We try not to have favourites but it’s difficult not to love everything photographer Brian Finke produces. And that encompasses a hugely eclectic subject matter too, from his series on Italian pasta making to the lovely ladies of the Ms. Senior America beauty pageant, not forgetting his oddly compelling shots of sad desk lunches. Brian’s latest series Texas adds yet another arrow to the photographer’s quiver, showing a more delicate and filmic aesthetic, where he explores his home state.
The project began a few summers ago, Brian remembers, when returning to Texas to see family during the school holidays. “Every summer, my boys and I now take what’s turned into our annual trip visiting my parents and sister and her family, who live outside of Ft. Worth. While there we go to water parks, spend time grilling in the backyard and have the regular Sunday afternoon water volleyball tournament in the parent’s pool.”
While there, as photographers do, he began to turn his lens on his surroundings, yet without any specific concept in mind. “A big motivation behind the photos is to highlight the importance of the people most important to me, my family and friends. After spending the past 20 years working as a photographer, being sent around the world to photograph culturally relevant stories for magazines and brands, it felt really good turning the camera towards the people closest to me. It’s very fulfilling.”
In the highly personal series, you can spot Brian’s two sons Oli and Izi, who he believes have built in self-confidence due to a lifetime of being photographed by their dad. The images are subtler and softer than many of his previous works, perhaps a result of his affection towards the people in them; but also, Brian says, it signals an evolution in his practice.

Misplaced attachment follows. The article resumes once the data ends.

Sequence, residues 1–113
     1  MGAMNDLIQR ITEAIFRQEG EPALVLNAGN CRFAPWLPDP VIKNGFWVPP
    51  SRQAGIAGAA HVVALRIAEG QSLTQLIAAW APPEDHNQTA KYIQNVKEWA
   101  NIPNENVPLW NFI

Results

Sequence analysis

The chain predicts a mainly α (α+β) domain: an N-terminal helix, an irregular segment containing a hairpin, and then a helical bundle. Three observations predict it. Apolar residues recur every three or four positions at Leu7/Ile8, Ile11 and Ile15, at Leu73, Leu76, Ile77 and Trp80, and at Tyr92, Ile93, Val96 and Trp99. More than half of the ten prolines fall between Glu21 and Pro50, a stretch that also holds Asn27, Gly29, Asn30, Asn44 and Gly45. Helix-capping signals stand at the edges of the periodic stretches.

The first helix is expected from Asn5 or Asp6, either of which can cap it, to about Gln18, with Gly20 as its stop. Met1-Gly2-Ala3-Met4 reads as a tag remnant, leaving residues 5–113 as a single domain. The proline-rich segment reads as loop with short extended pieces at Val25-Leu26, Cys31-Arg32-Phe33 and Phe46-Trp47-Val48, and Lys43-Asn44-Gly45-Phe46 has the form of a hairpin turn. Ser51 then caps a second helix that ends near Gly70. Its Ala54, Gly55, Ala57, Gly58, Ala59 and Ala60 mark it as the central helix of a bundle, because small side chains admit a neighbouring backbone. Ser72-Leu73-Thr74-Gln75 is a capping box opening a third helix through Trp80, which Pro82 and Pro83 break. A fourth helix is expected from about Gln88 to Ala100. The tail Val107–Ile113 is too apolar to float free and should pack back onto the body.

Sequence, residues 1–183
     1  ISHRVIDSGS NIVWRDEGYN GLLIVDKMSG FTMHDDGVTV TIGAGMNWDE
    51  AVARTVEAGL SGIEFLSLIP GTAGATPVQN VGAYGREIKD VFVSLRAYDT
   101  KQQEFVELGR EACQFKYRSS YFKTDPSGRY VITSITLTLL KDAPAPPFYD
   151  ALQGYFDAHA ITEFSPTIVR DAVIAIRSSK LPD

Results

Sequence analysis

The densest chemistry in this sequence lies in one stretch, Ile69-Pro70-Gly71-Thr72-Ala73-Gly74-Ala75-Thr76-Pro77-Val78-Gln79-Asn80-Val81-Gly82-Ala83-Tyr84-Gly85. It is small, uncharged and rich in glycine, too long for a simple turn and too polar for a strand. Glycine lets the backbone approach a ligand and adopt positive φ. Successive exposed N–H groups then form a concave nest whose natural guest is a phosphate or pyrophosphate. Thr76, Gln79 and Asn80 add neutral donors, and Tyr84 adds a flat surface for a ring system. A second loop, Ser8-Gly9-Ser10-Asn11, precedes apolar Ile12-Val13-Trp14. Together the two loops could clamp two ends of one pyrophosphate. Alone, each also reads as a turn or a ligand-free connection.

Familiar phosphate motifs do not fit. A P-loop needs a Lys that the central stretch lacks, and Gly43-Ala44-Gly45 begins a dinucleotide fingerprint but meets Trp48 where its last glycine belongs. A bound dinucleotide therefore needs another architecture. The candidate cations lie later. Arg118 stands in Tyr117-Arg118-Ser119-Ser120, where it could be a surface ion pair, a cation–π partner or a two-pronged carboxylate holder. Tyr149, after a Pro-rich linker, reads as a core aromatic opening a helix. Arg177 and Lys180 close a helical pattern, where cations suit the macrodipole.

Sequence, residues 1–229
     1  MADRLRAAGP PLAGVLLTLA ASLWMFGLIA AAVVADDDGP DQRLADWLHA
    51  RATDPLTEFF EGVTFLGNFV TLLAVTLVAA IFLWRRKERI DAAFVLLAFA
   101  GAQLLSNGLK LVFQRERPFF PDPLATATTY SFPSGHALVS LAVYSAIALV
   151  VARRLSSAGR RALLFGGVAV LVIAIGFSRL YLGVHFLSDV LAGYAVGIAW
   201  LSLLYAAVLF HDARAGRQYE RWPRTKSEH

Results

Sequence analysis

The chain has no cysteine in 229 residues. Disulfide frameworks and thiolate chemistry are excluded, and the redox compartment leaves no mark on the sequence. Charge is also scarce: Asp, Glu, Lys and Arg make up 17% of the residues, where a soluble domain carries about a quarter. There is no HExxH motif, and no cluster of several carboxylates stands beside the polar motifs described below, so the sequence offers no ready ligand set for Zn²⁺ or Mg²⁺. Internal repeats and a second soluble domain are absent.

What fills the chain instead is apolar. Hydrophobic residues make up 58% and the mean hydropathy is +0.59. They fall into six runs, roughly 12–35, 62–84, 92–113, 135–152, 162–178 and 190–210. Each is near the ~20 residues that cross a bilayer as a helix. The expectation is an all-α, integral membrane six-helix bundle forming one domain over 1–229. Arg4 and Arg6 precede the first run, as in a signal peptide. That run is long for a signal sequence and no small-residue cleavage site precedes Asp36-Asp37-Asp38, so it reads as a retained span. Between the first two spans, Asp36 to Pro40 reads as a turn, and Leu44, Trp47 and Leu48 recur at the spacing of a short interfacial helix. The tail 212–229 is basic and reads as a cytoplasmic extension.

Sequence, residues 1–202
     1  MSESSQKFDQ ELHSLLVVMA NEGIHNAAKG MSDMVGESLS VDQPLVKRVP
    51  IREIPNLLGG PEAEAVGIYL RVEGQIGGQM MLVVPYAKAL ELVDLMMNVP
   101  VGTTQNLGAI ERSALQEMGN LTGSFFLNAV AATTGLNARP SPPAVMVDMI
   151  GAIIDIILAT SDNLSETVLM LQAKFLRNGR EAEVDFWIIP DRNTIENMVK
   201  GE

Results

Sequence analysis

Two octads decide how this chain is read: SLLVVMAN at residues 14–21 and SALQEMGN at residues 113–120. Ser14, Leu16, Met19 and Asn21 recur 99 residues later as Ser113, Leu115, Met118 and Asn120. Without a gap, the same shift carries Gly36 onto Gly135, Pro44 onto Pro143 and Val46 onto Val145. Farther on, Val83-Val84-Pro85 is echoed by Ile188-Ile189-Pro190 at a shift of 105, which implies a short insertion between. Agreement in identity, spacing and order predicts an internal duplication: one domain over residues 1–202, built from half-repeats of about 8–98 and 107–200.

“It’s a quieter approach, which feels more where I’m at right now,” Brian describes. “I feel that what I choose to photograph and how I choose to do it is a direct reflection to where I’m at in life. This is a more self-reflective time now. I’m not using flash how I’ve traditionally used it in my commercial work. I’m making a lot of portraits where the peoples’ faces are covered in shadow; I’m not illuminating the details in the photograph how I have previously. I’m wanting the viewer to have to look closer, take more time with the image. Everything isn’t in plain sight.”
One of the standout features is the light, a warm glow that paints a cinematic atmosphere throughout the Texas series. “Lighting is always very important to me,” Brian says. “My friends tell me I’m always mentioning light in the everyday, even when I’m not photographing; that all the time I’m pointing out the light and colour in situations… It’s a great big sky in Texas.”
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